“I think we need better leadership in a fresh perspective of what we are doing in Oklahoma County. I’m not so prideful that I would just go out willy nilly and start doing stuff,” Johnson said. “To accomplish the goals I want to accomplish, I would create a team around me. Because it’s not me that gets it done. It’s ‘we’ that gets it done. I just provide the plan, the vision — this is how we go.”
Johnson, a resident of south Oklahoma City who received 33 percent of the June 30 primary vote, stated goals that include safer communities, fiscal responsibility and partnerships.
Taylor stressed that Johnson’s experience should be of importance when talking about the campaign.
“I think [Johnson’s] plan is that he doesn’t have a plan. He’s been a policeman in Norman for five years. It’s my understanding that he’s an officer. When you look at my experience, I’ve led a large agency, I’ve got experience in handling large budgets,” Taylor said. “I think Mr. Johnson is a good man. He just lacks a lot of experience. I don’t see where he has any experience to be the sheriff of such a large county and such a large agency.”
‘Integrity matters more’: Johnson lands endorsements
One of Taylor’s former employees — who also challenged him in the GOP primary — apparently disagrees.
On the night of the primary, Johnson received an endorsement from the Republican primary’s third place finisher, Mike McCully. Johnson also gained endorsements over the weekend from former Oklahoma Gov. Frank Keating, former U.S. Rep. Steve Russell and former Oklahoma City Councilwoman Beverly Hicks.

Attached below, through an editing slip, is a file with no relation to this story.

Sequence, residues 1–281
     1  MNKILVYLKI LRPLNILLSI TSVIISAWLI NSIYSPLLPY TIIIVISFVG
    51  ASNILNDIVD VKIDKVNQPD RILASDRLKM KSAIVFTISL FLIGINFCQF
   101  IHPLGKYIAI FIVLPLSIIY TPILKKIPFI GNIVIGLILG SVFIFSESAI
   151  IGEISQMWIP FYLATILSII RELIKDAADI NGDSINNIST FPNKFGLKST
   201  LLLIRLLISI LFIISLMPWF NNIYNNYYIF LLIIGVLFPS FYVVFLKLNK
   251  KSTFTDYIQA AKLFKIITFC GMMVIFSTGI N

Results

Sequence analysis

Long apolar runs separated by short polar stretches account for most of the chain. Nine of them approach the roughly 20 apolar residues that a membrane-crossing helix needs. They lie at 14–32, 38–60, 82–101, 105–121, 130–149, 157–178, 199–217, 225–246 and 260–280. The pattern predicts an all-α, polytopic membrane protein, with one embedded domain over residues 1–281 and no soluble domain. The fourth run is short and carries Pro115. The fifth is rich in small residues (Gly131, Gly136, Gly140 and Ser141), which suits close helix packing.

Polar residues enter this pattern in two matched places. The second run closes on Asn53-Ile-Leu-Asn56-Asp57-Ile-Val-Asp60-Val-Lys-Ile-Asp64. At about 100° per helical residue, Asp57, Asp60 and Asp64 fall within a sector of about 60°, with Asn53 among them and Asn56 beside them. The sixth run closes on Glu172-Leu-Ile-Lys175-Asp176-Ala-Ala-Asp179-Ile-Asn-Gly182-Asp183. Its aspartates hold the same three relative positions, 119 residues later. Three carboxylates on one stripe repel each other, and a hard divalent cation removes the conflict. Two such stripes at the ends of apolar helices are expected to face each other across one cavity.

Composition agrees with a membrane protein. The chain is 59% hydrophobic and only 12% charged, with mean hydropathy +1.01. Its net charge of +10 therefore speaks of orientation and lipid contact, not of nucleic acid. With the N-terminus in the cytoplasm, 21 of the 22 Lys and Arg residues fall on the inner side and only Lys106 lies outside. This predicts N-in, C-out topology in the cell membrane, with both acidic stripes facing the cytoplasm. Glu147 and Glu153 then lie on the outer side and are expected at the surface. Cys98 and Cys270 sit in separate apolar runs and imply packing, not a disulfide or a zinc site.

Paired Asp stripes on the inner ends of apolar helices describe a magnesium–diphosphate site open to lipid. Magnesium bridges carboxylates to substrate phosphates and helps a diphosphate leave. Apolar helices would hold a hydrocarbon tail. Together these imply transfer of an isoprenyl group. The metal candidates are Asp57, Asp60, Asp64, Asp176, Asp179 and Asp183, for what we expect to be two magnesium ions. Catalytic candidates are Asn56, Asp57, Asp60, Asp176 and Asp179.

“Experience has value — but integrity matters more,” Russell said in a statement provided to NonDoc. “In a community that is struggling to find leaders with integrity, grit, and can actually get out and work across the spectrum to solve problems while being committed to protect our community, they can find it in Tommie Johnson.”
Keating also praised Johnson.
“Tommie Johnson is the conservative change we need in the Oklahoma County Sheriff’s Office. He will put the safety of our families first, preserve law and order and be effective from day-one,” Keating said in a statement. “Tommie will restore confidence between the public and law enforcement officers protecting us. I’m proud to endorse him.”
Hicks said she visited with Johnson on the phone and was impressed with what he had to say.
“I just feel like it’s time for a change. I know he was with the OU police and the Norman police,” Hicks said. “I like his youth.”
Taylor, meanwhile, has received endorsements from former OU football coach Barry Switzer as well as the Oklahoma County Sheriff’s Office Fraternal Order of Police. Taylor served as president of OKCPD’s FOP Lodge 123 from 1984-1997.
“As an Oklahoma County business owner, I believe we all deserve the best-qualified candidate,” Switzer said in a campaign ad for Taylor. “I’ve known P.D. Taylor for many years. He has dedicated his life to public safety.”